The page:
Wed, Jun 19, 2013 - Page 4 News List

State, public, firms must ensure food safety: groups

By Alison Hsiao  /  Staff Reporter

The recent food safety crisis could serve as a turning point for the nation’s food industry if the government, manufacturers, wholesalers and the public make a joint effort to resolve the situation, the Taiwan Association for Food Science and Technology said on Monday at a forum on food safety.

All the representatives of civic groups present at the forum agreed that it is the government’s duty to ensure the safety of food “from the field to the table,” which it can achieve by strengthening and rigorously enforcing food regulations, providing transparent and free access to food safety information, and adhering to international food safety standards, the association said in a statement.

Lucy Sun (孫璐西), a National Taiwan University professor of food science and technology and a honorary member of the association’s board, urged the government to immediately take three critical steps: First, it should eradicate the presence of harmful chemicals in food products by writing into law severe criminal punishments for those who violate regulations.

Second, it should launch a whistle-blowing platform to encourage the reporting of dubious practices, with rewards and protection offered to informants.

Third, the government should establish a “food police force, who can accompany food sanitation and safety inspectors when they conduct spot checks at factories,” Sun said.

According to a report presented by the Food and Drug Administration at the 2011 National Food Safety Conference, there are 102,202 registered food manufacturers, and 263,293 food stalls and registered food businesses nationwide.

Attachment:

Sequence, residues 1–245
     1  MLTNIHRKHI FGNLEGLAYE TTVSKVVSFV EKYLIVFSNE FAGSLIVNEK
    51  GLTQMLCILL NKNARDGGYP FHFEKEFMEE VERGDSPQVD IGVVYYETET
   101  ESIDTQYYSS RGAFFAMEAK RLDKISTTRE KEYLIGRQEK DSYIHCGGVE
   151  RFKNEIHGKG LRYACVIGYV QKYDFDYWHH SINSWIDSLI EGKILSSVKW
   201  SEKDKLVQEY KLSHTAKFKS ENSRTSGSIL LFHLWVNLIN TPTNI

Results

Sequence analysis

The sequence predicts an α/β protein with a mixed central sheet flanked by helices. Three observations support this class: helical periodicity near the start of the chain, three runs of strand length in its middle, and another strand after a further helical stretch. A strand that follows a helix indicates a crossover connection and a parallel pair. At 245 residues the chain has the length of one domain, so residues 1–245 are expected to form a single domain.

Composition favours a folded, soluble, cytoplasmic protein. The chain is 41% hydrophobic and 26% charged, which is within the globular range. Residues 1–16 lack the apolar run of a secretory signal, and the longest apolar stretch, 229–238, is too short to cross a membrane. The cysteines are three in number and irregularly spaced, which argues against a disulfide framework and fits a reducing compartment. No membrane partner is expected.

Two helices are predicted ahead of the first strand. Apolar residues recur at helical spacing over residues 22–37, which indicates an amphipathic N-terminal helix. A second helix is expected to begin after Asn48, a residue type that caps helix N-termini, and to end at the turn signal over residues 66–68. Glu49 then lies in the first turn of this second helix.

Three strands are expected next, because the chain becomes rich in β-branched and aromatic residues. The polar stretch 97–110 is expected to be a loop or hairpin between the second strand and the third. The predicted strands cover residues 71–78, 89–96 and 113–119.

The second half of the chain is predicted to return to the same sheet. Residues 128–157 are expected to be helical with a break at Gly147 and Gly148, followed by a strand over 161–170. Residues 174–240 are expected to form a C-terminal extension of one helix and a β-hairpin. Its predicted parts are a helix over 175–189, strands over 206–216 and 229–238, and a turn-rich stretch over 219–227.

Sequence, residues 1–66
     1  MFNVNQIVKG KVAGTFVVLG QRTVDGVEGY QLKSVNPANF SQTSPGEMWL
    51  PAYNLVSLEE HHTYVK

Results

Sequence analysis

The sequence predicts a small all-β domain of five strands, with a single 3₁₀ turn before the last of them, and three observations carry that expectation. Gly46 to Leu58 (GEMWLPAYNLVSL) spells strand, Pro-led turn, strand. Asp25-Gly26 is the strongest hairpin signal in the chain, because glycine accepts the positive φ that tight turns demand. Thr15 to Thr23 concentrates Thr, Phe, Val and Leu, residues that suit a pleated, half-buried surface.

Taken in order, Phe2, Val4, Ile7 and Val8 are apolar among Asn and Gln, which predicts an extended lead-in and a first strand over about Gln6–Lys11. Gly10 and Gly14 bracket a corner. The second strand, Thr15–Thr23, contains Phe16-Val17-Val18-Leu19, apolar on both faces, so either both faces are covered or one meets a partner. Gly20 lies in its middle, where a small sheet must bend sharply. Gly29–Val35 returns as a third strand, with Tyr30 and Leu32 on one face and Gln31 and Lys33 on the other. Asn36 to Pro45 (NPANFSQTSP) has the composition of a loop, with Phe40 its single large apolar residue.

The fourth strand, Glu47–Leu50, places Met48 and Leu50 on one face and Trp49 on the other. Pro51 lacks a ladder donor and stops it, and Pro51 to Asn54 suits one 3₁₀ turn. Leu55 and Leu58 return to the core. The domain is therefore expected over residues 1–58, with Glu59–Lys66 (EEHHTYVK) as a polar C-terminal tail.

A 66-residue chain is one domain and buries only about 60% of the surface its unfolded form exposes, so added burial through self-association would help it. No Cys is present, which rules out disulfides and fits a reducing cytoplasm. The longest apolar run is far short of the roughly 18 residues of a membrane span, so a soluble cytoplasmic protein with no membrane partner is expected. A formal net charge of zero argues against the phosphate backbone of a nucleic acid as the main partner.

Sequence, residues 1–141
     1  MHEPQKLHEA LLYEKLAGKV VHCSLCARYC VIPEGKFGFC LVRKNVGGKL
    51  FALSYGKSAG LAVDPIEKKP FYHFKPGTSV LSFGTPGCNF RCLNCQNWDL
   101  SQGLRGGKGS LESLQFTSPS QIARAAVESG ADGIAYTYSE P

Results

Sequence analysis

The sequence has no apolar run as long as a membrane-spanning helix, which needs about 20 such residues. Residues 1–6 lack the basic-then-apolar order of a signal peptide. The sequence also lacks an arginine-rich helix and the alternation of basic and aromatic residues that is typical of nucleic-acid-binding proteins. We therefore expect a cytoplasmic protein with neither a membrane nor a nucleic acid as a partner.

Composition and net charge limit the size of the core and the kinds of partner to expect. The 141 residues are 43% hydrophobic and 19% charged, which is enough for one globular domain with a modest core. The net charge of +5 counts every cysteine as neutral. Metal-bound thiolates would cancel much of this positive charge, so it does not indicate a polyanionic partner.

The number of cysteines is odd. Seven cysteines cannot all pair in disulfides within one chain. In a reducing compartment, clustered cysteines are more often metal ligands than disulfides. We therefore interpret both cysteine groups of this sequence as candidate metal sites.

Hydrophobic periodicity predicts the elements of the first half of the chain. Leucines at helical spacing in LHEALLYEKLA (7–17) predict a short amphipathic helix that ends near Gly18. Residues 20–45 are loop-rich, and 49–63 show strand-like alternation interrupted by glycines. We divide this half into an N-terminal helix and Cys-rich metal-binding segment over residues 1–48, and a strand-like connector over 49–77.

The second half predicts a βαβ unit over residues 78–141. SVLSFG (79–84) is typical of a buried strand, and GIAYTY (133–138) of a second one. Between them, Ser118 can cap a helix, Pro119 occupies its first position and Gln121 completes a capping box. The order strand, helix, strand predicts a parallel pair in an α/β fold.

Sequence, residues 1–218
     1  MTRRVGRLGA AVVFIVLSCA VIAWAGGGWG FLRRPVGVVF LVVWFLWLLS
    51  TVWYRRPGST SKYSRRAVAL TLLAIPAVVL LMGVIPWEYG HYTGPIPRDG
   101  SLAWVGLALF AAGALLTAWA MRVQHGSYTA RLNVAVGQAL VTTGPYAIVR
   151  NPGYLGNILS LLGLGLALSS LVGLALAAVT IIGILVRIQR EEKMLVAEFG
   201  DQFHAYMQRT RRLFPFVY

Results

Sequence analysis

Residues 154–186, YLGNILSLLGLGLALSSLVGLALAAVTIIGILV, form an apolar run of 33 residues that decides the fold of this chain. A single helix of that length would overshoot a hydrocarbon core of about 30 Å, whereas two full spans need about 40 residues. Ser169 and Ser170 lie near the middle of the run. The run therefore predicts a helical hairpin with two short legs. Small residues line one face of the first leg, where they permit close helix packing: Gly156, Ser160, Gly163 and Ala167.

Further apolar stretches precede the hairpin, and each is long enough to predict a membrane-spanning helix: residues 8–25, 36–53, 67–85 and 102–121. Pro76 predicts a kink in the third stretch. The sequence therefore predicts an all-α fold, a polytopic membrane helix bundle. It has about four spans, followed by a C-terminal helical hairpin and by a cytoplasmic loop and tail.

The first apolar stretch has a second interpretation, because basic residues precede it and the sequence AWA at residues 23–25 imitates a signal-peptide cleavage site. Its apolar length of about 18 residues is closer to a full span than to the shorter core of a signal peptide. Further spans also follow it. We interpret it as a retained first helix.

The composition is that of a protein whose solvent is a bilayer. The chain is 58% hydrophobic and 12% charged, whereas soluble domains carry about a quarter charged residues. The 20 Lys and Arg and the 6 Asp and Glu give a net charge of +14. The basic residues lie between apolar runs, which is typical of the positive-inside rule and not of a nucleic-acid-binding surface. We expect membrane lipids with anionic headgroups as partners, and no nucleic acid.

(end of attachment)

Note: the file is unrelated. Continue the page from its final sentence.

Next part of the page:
In contrast, there are only 471 people in charge of inspecting food, which means that every inspector is responsible for 96 food manufacturers and 555 businesses.

Consumers’ Foundation board member Hwang Yu-sheng (黃鈺生) suggested revising the current food labeling regulations to require manufacturers to list ingredients and additives separately.

“Food product labels have to be clear and easily understood by consumers, and one way of achieving this is to have different labels for raw materials and additives,” Huang said.

Calling on food manufacturers and wholesalers to improve their self-management, Nutrition Society of Taiwan honorary director-general Wang Chin-kun (王進崑) encouraged businesses to only hire qualified food specialists as purchasing agents to guarantee the professional management of food products throughout the production and retailing chain.

For their part, consumers should carefully examine the products they purchase, Homemakers United Foundation president Chen Man-li (陳曼麗) said, cautioning buyers against purchasing products with unclear labels or substandard packaging.

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